Posts Tagged ‘high performance coaching’

Resilience for Athletes

Tuesday, February 4th, 2014

Over the years, I’ve seen coaches create a reaction in their athlete by saying inflammatory things. They often do this to try to evoke an emotion. For some athletes, it works. For most athletes, it has a negative outcome. It may initially give coaches the reaction they are after, however, any enhancement in performance is short-lived.

It has a lot to do with the mental and emotional resilience of an athlete.

I was recently working with an athlete and their coach. The coach is very knowledgeable about their sport, they’ve got some great results out of their sport, and they’ve been around a long time; so they know how to coach.

While I was working with the athlete, I asked the coach to do what they’d normally do, to coach the athlete so I could observe the interaction, and work out what I could do to make it more effective and efficient. When the coach was watching the athlete doing some specific skills, the coach was imparting some great technical knowledge to the athlete. You could see this athlete actually adored this coach and hung off every word they were saying. Every time they gave an opinion, thought, or directive, this athlete was keen to apply what they’d just learned.

As the coach turned around to walk back to observe this athlete doing what he just told him to do, the coach made a flippant remark.

I watched the athlete completely deflate…

The next performance wasn’t what was expected…

The athlete was down, no longer processing information and was focusing on this flippant remark.

I could see the emotional weight they were carrying with them.

I asked the coach if they knew what they had just done. They had no idea. They’d given information, made sure the athlete was aware of what to achieve and how to achieve it, and then in their mind, the job was done.

So I asked the coach what their role was. They said “My role is to coach and teach.”

I asked them to be more specific and the coach was silent.

This coach has a long history of success in the sport; a great technical knowledge of the sport; knows how to coach, and how to get a result for athletes.

What he didn’t understand was the key role he played.

Their role is to give information and make sure an athlete takes it on in a way they can use, see relevance to, and have a tangible application of.

This coach didn’t see it in that way.

The throwaway comment and the reaction from the athlete undoes all the great information just given.

Where does that leave a coach? Does it mean we have to be conscious of every single word we have to say?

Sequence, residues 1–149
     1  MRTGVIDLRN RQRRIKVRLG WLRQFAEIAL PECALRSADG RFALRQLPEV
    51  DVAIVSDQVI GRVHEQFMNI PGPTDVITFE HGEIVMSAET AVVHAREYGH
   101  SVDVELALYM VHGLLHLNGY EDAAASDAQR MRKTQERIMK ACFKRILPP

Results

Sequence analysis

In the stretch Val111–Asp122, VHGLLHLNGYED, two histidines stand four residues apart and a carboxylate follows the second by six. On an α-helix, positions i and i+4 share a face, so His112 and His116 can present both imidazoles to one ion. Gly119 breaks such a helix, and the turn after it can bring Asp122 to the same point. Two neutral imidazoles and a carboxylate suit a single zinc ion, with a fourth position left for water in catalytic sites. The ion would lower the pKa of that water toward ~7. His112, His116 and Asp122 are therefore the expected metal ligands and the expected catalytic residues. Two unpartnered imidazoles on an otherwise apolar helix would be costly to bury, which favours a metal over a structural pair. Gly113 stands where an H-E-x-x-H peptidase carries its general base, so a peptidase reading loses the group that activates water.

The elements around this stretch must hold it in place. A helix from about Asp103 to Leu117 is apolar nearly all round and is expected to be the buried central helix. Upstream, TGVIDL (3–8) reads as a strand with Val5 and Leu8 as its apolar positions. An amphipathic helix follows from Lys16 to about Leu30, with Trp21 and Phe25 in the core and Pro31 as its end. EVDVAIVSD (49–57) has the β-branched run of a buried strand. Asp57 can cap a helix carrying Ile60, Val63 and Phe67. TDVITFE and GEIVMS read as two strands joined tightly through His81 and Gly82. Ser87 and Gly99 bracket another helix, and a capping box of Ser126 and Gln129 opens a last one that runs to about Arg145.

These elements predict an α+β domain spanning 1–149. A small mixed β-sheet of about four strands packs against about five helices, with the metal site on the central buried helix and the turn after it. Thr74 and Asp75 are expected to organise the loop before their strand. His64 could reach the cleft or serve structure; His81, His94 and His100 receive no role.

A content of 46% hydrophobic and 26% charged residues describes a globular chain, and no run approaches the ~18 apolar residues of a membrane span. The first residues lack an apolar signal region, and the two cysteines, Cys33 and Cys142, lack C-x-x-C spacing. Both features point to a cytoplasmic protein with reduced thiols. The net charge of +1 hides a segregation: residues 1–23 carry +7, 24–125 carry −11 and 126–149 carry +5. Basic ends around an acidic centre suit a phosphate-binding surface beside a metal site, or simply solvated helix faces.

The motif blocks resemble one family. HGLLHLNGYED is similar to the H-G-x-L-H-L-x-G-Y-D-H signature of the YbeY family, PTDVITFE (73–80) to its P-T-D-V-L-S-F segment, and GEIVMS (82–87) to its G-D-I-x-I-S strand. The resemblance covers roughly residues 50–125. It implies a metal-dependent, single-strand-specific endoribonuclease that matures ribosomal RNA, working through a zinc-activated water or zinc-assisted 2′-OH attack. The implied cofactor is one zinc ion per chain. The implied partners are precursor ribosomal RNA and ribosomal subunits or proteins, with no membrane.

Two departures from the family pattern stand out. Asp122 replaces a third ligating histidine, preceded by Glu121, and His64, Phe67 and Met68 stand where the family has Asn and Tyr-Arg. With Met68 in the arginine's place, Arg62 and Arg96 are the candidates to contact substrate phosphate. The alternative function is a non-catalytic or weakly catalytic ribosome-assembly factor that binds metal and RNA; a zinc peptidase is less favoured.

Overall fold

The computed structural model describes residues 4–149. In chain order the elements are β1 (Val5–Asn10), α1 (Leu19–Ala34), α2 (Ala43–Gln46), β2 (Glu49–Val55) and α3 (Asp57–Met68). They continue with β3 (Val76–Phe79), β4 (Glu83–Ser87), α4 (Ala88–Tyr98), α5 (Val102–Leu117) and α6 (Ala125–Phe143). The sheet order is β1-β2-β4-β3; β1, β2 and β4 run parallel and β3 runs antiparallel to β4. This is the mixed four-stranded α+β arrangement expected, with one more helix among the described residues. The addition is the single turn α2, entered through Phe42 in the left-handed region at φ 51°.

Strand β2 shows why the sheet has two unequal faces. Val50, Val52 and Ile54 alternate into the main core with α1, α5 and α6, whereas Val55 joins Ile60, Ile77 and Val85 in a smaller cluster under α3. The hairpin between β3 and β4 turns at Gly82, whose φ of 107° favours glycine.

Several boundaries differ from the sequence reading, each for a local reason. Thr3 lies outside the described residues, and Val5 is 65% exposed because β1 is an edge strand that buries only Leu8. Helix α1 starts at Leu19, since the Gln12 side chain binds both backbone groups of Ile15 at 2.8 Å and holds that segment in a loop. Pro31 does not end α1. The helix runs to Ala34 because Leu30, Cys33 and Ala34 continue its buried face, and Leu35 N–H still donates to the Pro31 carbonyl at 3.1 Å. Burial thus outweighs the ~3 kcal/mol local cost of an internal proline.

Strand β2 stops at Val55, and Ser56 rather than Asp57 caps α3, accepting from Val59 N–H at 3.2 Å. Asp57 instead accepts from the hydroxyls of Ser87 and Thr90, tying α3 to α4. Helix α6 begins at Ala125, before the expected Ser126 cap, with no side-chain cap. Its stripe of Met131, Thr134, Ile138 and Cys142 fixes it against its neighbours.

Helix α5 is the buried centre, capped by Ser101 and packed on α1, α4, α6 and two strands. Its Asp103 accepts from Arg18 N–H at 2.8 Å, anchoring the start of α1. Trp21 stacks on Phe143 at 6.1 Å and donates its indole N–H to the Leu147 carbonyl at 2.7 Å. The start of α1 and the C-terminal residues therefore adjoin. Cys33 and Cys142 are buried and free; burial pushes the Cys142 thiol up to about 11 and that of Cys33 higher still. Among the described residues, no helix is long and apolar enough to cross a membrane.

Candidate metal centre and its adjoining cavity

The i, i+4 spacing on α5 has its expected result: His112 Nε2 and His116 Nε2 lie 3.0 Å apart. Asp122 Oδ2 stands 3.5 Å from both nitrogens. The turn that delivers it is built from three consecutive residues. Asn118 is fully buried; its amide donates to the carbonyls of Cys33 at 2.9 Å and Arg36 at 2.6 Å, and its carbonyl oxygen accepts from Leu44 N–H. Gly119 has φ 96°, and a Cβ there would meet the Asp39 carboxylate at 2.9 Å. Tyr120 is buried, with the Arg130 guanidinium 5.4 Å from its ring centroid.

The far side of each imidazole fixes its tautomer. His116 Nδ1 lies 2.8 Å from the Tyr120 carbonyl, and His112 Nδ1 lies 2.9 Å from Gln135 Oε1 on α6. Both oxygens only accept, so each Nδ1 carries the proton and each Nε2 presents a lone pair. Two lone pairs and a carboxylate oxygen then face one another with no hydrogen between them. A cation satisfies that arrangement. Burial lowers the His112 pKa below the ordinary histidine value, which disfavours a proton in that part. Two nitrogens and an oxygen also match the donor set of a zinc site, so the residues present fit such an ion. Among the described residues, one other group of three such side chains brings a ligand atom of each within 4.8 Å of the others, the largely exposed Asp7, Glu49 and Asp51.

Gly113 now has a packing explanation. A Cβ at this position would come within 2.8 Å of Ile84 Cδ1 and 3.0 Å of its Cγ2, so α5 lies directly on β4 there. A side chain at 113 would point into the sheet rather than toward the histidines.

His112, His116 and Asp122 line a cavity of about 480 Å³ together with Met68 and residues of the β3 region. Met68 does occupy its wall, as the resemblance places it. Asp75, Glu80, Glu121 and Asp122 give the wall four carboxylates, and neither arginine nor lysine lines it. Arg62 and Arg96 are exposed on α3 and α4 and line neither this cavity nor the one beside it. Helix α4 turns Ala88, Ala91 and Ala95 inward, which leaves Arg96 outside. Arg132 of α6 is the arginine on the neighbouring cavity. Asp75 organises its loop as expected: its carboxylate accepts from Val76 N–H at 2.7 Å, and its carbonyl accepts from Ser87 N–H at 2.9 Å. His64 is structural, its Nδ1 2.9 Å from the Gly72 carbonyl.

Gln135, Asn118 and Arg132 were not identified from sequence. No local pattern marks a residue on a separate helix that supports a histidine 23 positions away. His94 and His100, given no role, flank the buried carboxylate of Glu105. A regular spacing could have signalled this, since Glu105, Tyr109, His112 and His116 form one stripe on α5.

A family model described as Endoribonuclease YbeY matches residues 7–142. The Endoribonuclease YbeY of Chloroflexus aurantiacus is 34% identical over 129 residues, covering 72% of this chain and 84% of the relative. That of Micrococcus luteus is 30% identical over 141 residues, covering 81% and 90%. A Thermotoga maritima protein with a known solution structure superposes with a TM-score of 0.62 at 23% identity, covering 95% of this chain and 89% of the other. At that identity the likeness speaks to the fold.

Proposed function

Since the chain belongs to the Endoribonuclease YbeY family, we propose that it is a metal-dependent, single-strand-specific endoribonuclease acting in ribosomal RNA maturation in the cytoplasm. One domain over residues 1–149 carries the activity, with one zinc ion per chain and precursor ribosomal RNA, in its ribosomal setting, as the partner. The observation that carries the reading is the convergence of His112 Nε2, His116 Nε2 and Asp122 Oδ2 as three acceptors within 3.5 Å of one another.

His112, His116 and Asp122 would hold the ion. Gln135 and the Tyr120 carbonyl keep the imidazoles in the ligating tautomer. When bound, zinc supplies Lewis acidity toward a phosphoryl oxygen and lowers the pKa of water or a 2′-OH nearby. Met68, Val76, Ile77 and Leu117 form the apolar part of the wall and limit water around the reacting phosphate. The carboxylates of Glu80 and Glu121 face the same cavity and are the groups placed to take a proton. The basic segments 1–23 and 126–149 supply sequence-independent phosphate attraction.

In a way, yes.

Does it mean we can’t joke and have that human interaction with athletes?

Of course not. It’s part of the responsibility of the coach, and part of the athlete, to make sure they understand what they’re getting and what they’re giving.

From a coach’s perspective, being aware that once the information is given, the comments also given will be associated to an emotion. If you give information that makes the athlete feel really good about that, they’re more likely to apply it. If you give information and they feel great, then you give a parting comment that changes the associated emotion, you no longer have a clear and concise application of that information.

That all sounds technical, what it means is if you want an athlete to do their best, leave them with a positive emotion. Make sure you’ve left them feeling comfortable when trying to apply something new – let them use that information in the most efficient format.

From an athlete’s perspective, it comes down to having emotional and mental resilience. There are couple ways to do this.

For older athletes, it’s more about recognition of the relevance of the information. Take a logical approach of “This is what I need for this skill, let me sort that from my coach”. The relationship from the coach to the athlete has to be equal in communication. The information needs to sit well and they have to have an open relationship of good communication.

With younger athletes – teens and lower – building emotional resilience is asking them to see things through a ‘protective layer’. We all have filtering systems that have developed over our life spans and are formed by things we’ve experienced in life. Young athletes are influenced by themselves, parents, social groups, peers, etc. These are inbuilt, cultivated filtering systems.

By tweaking these filters to become more relevant for the younger set is to teach them to create an image in their brain. That is, when anyone is trying to give them information, having a set of filters to put that information through, in order to keep the relevance of that information – is key.

I explain the process of how to build resilience in athletes in detail on my Brain in the Game podcast.

The resilience process gives the athlete wider control over the information they receive, to apply the bits they need, or put it away for later. It also allows athletes to unemotionally bounce the negativity away.

As a coach, how do you give your information? Are you undoing all that great work with your throwaway comment, or not making information relevant?

If you’re an athlete saying “That’s me! My coach has made me feel really negative even after giving me great information…”, then be proactive about managing that information, more aware of what you need to use, to keep, to store and to bounce off.

Also being conscious about how you ask the questions will help this process. Asking in a certain way is more likely to get the response in the same way. If you ask very emotionally-charged questions, you’re more likely to get emotionally-charged responses. How you ask questions will often dictate how you receive the answer.

This process of emotional resilience is about being specific with what we get, how we get it, and how we used it; and letting all the other stuff that comes with it, go.

The Role of a Coach in High Performance Sport

Tuesday, July 20th, 2010


As an athlete, we generally look to our coach for guidance, to nurture us and show us the trusted path to travel to our desired competitive destination. We trust them emphatically with our careers and often with our lives, certainly with our goals, aspirations and sporting futures.

So as a coach we have this huge responsibility placed in our laps, one that we should not take lightly nor for granted, one false move can have devastating consequences not only for the athlete but also for the reputation of us the coach.